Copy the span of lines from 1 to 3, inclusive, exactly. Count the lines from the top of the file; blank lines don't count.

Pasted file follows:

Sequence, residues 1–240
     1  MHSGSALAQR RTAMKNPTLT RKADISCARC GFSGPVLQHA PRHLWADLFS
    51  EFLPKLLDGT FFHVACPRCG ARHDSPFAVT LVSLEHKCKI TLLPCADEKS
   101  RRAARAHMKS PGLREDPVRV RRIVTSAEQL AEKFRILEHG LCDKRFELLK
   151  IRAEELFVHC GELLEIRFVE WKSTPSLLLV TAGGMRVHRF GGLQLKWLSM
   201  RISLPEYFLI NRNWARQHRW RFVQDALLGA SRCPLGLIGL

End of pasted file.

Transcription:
Sequence, residues 1–240
     1  MHSGSALAQR RTAMKNPTLT RKADISCARC GFSGPVLQHA PRHLWADLFS
    51  EFLPKLLDGT FFHVACPRCG ARHDSPFAVT LVSLEHKCKI TLLPCADEKS